KCK looks to transportation’s future
A theoretical exercise that envisions a futuristic transit system for Western Wyandotte County kicked off Thursday.
The exploratory project will study the viability and effectiveness of an automated small-vehicle transportation system, which one person described as a "horizontal elevator." It would carry passengers to different destination attractions in the area - including the Legends at Village West and the coming Schlitterbahn Vacation Village.
Stakeholders attended a meeting on the idea at the Speedway Conference Center in Kansas City, Kan.
The project is supported mainly by funding from the Kansas Department of Transportation and also from Kansas University.
Representatives of KDOT, the Unified Government of Wyandotte County and Kansas City, Kan., Kansas State University, Kansas University, the Legends at Village West, Kansas Speedway, the Federal Transit Administration, the Kansas Department of Aging and the Mid-America Regional Council attended the meeting.
Stan Young, a transportation studies professor at the University of Maryland, said the transit system concept has been described as a "horizontal elevator."
Helming most of the presentation was Peter Muller, president of PRT consulting, which specializes in helping develop personal rapid transit systems, a concept based on what are essentially automated minivans that run on their own dedicated tracks.
The PRT system discussed at the meeting would be similar to the one set to begin operating at London's Heathrow Airport next year, in which pod-like vehicles that hold up to six people cruise on their own track, which has edges that rise above the vehicle wheels.
Passengers select their destination from an electronic menu screen in the vehicle and after pushing a button to signal they're ready, the vehicle pulls out from the small station - which has its own track off to the side of the main guideway - and takes them there. Maximum speed would be about 30 miles per hour and the system is ADA-compliant, Muller said.
The cost to build such a system is about $20 million per mile, Muller said, and if the discussion of building one in western Wyandotte County were to go beyond the theoretical, funding its construction would certainly be the first and most substantial hurdle to clear, as one participant in the discussion mentioned.
Muller said the common rationale for opposing such systems - that they're not viable - is disproved by the PRT system at the University of West Virginia, in Morgantown, W. Va.
The Morgantown Personal Rapid Transit System has been in operation continuously since 1975, and even uses some of the same original vehicles, Muller said.
Perhaps most impressively, the system has had more than 140 million injury-free passenger miles, Muller said, with a 99 percent reliability rate.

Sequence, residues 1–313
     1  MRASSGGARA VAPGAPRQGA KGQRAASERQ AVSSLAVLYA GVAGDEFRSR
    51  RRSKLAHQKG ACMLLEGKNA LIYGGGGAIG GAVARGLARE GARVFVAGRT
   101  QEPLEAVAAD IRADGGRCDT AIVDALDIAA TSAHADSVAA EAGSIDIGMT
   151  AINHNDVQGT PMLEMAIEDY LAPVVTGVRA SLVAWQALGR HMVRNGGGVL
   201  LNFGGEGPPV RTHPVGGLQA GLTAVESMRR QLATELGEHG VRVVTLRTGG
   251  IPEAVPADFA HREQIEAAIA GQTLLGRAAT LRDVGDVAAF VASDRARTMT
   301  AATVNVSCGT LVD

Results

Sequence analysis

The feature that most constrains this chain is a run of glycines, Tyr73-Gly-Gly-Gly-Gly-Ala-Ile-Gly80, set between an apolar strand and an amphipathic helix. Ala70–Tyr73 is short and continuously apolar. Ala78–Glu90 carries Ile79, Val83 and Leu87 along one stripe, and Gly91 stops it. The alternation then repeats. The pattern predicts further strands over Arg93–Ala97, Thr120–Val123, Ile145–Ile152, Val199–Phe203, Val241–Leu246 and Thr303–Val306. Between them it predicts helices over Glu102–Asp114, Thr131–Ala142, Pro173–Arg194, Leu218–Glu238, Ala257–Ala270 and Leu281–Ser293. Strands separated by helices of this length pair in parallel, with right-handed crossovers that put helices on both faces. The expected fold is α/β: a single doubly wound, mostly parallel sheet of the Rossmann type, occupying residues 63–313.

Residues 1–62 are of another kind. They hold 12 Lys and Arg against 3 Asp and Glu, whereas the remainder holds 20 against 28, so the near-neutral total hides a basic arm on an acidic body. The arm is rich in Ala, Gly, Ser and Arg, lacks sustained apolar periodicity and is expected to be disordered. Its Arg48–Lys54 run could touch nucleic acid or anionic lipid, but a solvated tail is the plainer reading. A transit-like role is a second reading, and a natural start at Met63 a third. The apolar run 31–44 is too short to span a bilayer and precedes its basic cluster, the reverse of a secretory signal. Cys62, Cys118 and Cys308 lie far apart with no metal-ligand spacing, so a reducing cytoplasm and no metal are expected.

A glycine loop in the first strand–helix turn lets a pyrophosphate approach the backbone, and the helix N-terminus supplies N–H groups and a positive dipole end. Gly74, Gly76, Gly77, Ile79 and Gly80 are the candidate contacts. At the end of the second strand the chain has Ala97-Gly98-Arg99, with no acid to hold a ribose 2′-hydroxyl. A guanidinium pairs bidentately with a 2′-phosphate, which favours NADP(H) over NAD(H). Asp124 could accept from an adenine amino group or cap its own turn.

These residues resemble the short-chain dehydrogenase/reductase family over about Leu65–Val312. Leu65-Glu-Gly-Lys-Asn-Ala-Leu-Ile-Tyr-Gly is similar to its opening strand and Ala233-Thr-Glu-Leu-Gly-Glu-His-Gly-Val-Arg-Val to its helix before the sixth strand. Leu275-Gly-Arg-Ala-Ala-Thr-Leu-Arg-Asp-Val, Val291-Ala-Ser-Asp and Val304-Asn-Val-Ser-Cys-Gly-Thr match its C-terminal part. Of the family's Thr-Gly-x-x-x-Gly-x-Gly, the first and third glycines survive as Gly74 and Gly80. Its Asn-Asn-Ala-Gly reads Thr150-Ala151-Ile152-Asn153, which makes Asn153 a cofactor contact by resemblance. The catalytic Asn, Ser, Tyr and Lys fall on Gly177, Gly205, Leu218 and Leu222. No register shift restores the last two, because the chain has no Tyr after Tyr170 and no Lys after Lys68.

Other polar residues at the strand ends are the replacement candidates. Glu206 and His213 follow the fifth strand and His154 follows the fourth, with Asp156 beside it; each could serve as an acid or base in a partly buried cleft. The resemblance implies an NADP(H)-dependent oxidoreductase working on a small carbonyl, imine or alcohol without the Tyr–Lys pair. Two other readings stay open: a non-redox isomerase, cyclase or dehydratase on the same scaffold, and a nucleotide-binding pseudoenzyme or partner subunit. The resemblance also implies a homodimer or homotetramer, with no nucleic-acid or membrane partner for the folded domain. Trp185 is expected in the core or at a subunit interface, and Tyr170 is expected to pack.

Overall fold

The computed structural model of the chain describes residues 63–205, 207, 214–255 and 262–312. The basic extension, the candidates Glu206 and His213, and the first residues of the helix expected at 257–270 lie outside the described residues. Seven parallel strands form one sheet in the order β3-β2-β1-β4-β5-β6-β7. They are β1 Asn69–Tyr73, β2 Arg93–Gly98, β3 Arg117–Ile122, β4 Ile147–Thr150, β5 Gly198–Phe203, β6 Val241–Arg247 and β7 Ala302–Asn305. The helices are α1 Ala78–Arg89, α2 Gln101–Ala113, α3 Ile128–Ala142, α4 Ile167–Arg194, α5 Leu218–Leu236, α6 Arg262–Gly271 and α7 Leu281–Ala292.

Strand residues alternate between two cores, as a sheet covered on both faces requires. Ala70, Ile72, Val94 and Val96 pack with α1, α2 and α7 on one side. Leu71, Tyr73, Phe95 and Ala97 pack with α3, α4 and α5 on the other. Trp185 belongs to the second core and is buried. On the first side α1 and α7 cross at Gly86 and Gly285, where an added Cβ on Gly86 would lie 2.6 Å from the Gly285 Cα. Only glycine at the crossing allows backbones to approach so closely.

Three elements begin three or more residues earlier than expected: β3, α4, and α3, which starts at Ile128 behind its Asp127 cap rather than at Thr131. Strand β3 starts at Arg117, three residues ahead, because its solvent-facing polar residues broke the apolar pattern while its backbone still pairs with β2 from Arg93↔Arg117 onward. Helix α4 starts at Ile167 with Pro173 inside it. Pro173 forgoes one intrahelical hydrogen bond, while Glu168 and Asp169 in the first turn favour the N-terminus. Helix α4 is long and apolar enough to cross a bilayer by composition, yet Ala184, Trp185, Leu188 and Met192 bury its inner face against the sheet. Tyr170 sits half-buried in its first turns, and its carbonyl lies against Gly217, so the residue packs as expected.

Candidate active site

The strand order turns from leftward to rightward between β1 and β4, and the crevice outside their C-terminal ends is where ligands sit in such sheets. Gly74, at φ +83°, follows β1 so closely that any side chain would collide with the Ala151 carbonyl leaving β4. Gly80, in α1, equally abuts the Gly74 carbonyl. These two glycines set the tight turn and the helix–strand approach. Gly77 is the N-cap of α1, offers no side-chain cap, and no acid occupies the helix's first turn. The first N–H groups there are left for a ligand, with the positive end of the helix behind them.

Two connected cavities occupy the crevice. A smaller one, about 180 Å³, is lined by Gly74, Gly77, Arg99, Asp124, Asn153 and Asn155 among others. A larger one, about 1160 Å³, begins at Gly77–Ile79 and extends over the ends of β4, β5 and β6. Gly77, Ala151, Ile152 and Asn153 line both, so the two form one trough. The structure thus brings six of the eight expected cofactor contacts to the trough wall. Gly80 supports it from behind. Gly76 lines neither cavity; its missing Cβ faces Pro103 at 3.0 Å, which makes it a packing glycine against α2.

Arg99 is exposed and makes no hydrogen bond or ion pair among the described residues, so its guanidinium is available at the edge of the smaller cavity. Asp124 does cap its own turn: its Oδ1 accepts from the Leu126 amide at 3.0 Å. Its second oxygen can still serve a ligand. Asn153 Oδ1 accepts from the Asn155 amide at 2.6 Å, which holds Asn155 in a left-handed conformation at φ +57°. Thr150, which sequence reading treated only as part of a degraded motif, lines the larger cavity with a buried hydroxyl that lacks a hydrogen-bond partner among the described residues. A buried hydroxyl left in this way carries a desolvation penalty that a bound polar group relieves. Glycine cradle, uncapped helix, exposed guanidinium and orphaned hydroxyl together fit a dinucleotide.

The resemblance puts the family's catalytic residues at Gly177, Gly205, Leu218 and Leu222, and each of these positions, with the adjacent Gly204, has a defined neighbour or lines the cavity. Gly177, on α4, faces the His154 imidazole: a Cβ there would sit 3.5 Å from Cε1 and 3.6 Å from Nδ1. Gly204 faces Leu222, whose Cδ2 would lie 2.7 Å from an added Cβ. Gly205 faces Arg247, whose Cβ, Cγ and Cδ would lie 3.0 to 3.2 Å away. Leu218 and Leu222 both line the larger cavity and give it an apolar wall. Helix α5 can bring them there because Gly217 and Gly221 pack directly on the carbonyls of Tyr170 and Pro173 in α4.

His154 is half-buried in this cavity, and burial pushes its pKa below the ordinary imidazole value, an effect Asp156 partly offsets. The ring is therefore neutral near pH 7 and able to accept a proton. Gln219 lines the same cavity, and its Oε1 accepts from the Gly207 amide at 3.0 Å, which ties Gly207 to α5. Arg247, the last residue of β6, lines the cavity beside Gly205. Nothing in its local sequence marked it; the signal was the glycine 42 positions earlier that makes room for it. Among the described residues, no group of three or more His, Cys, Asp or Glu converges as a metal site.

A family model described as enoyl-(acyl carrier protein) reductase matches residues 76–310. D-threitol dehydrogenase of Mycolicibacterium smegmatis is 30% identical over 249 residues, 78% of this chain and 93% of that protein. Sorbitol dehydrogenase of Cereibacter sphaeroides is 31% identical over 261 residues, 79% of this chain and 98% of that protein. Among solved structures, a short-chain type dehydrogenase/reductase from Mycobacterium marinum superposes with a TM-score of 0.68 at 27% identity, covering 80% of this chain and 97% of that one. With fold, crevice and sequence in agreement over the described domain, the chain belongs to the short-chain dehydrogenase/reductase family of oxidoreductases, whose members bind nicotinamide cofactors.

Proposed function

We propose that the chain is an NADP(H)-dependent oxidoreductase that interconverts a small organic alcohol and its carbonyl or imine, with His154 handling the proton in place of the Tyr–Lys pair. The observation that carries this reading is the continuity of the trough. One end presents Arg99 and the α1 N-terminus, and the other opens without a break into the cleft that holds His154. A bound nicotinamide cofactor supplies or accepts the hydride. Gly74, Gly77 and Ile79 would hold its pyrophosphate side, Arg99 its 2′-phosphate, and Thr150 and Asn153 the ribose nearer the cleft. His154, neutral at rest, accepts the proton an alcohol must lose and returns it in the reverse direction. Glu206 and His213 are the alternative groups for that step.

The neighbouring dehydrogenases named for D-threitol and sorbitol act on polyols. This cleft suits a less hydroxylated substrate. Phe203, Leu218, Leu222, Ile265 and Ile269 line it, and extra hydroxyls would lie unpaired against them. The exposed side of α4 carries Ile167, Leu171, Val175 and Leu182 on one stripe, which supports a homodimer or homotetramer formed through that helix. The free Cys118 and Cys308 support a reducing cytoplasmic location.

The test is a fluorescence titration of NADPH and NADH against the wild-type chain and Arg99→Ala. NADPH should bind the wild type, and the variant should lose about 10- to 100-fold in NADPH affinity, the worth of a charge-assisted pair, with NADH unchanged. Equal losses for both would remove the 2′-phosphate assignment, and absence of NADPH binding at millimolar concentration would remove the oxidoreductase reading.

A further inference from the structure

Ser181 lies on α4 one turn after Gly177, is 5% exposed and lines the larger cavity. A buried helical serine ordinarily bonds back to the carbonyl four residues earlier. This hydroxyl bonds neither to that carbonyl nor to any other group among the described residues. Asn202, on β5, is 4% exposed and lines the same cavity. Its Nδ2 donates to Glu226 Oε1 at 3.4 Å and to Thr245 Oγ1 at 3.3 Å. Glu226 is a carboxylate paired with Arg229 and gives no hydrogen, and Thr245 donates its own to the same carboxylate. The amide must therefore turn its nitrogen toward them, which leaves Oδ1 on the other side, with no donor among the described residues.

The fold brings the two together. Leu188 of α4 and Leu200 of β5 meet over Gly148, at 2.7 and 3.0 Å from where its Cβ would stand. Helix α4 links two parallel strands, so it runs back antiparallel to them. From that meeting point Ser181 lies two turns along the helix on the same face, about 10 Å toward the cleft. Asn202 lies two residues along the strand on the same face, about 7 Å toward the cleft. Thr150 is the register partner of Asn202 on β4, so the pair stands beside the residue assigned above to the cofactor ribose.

The PRT vehicles at Heathrow are powered by batteries and will park at stations and in maintenance garages on charging plates, Muller said, and keeping the vehicles charged is not nearly the problem that people might assume. That's because, he said, the system is designed for "the peak of peak use," which would comprise perhaps 20 minutes of each day. Outside that time, the vehicles would spend several minutes at a time charging, he said.
As for other obstacles in bringing such a system to the area, Chuck Oglesby, assistant vice president of RED Development Corp., which owns the Legends shopping center, said the "Kansas City and Midwest mentality for the usage and tendency to love cars."
The success of a PRT system in western Wyandotte County would require a "philosophical change," Oglesby said. "I don't know how viable that is, Kansas City residents parking and using this."
Oglesby said in addition to that, "we're more in and out," referring to the tendency to go somewhere for one single purpose and then leave, instead of, for example, going for dinner at one restaurant, then seeing a movie at a nearby cinema, then shopping afterward at stores in walking distance.
Oglesby said a study was forthcoming by the Village West Site Board that would look at just how common that kind of consumer behavior is.
A big advantage of the PRT system would be the space that could be freed up for future development because less space could be devoted to parking, Muller said.
For that reason, Oglesby said, "this appears to be the greatest return on an investment for land value use."
Another participant, Blanche Parks, senior manager of the Kansas Department for Aging, praised the concept.
Parks said a PRT system seemed a good fit for senior citizens, for whom practicality is a central issue. Seniors ask "how convenient is it to get into and out of" a place with any transit system, she said, and the system envisioned - even if only as an exercise - in Thursday's meeting looked to answer those questions satisfactorily.
"The concept sounds neat and exciting," Parks said.
The next steps in the project will be a literature review of other automated small-vehicle transportation systems and data collection.